The material evidence in this case is not in dispute. While on Specialty Supply's premises for the purpose of purchasing drain pipes, Goodwin slipped and fell, fracturing four ribs. The entire Greenville area, including the area where Goodwin fell, was covered with accumulated sleet, ice, and snow. Specialty Supply's owner was aware of the accumulation of sleet, ice, and snow on his premises, but had done nothing to remove it or to otherwise provide a safe pathway to the side entrance. In his answers to interrogatories, the appellee forthrightly stated: "Inasmuch as the snow was obvious to all, nothing was done to eliminate the condition."

As a customer of Specialty Supply Company, Goodwin was an invitee. It is a rule in this state that the owner or operator of a business owes a duty to an invitee to exercise reasonable care to keep the premises in a reasonably safe condition. Jerry Lee's Grocery, Inc. v. Thompson, 528 So.2d 293, 295 (Miss.1988).

The appellee argues, however, that because the accumulation of ice and snow was open and obvious, there was no duty to remove it, and thus no jury question was made on the issue of appellee's negligence. There is, to be sure, some support for appellee's position. See Kroger v. Ware, 512 So.2d 1281, 1282 (Miss.1987); Fortenberry Drilling Co. v. Mathis, 391 So.2d 105, 106 (Miss.1980); General Tire & Rubber Company v. Darnell, 221 So.2d 104, 107 (Miss.1969); Stanley v. Morgan & Lindsey, Inc., 203 So.2d 473, 476 (Miss.1967). See also Lucas v. Buddy Jones Ford Lincoln Mercury, Inc., 518 So.2d 646, 648 (Miss.1988). ("Were appellant an invitee ..., Buddy Jones Ford would have only owed her the duty of exercising reasonable care to keep the premises safe, or of warning Lucas of hidden or concealed perils of which appellee knew or should have known in the exercise of reasonable care.... The ice which caused Lucas to fall was in no way hidden or concealed."); City of Baldwyn v. Rowan, 232 So.2d 157, 160 (Miss.1970) ("We agree ... that ice and sleet on an inclined street is by its nature dangerous and the city would ordinarily not be liable for damages sustained when one slips thereon."). But we have held in other cases involving hazards that were "open and obvious" that the issue of negligence was properly left to the jury, where the jury was adequately instructed regarding comparative negligence. Bell v. City of Bay St. Louis, 467 So.2d 657, 664 (Miss.1985). See McIntosh v. Deas, 501 So.2d 367, 370 (Miss.1987); Lancaster v. City of Clarksdale, 339 So.2d 1359, 1360 (Miss.1976); King v. Dudley, 286 So.2d 814, 816 (Miss.1973); Wilson v. Kirkwood, 221 So.2d 79, 81 (Miss.1969). See also F.W. Woolworth Co. v. Stokes, 191 So.2d 411, 418 (Miss.1986) (Where an invitee falls on a floor made slippery by moisture tracked in during inclement weather, the liability of the business owner having knowledge of the hazardous condition depends on whether, under the circumstances, he has exercised ordinary care to correct the condition. This presents a question for the jury.)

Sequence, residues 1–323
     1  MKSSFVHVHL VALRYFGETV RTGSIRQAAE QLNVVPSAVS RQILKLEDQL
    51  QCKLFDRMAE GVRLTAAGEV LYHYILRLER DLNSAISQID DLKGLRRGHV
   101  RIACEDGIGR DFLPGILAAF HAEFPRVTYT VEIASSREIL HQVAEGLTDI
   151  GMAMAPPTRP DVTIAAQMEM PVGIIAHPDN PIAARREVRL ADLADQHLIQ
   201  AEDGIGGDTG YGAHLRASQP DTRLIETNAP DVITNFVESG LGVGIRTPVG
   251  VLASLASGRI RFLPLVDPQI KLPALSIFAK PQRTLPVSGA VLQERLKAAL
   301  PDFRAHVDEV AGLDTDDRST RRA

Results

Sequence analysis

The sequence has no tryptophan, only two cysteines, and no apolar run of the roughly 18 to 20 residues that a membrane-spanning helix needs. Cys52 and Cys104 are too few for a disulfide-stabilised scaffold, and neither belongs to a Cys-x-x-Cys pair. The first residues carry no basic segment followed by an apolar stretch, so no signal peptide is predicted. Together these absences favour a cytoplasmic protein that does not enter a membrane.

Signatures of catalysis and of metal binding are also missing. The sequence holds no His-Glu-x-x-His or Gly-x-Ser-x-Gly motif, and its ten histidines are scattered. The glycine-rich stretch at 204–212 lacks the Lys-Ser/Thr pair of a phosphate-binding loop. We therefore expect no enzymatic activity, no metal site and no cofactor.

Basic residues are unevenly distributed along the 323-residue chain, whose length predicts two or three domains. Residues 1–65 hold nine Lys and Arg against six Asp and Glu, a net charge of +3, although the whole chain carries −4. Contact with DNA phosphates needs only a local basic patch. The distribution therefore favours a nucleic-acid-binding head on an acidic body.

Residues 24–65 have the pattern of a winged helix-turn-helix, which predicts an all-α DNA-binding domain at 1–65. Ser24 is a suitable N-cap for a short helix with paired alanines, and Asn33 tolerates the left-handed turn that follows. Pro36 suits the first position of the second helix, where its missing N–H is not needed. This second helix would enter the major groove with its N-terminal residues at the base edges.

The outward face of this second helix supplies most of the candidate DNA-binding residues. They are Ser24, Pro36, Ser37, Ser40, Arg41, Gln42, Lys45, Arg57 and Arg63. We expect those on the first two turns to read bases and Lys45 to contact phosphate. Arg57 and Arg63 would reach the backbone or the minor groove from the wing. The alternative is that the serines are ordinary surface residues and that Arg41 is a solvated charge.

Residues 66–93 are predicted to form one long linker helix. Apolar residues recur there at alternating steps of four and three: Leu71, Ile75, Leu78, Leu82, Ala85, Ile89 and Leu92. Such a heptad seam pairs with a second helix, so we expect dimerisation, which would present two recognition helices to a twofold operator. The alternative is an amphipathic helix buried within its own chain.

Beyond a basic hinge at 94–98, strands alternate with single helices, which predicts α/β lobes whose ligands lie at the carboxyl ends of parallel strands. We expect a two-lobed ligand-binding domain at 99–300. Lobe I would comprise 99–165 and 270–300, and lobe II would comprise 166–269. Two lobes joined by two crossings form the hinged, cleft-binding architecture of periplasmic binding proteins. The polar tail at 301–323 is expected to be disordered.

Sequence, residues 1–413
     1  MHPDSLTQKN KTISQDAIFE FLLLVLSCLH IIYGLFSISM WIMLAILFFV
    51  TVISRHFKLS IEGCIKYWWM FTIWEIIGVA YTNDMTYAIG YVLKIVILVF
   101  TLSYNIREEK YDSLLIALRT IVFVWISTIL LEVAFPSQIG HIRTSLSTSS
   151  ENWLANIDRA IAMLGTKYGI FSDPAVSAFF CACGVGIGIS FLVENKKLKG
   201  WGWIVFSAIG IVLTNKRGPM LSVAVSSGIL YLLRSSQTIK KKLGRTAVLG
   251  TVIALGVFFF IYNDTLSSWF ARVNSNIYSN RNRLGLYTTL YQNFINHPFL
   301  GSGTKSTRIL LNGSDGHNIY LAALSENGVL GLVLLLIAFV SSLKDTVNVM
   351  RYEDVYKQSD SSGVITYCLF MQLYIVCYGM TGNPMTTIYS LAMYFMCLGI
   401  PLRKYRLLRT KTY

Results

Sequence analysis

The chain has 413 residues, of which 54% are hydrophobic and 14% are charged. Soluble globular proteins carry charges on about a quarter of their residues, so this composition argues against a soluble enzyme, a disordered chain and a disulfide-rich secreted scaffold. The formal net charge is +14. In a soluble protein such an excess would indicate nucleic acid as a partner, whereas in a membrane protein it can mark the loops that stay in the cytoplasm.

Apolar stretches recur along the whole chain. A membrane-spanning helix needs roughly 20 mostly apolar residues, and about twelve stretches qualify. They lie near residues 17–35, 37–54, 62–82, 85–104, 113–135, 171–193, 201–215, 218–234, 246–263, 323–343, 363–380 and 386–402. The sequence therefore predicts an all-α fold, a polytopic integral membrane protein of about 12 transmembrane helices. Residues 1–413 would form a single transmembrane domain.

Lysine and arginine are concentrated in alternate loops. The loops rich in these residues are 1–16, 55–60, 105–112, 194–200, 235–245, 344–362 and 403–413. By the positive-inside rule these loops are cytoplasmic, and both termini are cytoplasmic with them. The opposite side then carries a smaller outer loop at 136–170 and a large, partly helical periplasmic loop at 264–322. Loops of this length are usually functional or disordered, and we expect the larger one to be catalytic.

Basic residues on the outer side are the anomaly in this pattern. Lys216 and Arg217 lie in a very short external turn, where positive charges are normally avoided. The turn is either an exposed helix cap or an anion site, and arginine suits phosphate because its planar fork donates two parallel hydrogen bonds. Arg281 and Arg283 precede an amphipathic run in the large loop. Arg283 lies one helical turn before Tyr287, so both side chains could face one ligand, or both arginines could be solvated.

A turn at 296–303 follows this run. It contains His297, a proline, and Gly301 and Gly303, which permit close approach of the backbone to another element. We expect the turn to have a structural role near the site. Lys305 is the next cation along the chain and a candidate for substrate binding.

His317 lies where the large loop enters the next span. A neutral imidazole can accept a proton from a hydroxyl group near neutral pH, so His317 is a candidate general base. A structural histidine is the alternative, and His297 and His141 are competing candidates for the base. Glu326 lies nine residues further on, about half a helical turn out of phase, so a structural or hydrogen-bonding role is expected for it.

In the present case, however, we think that it...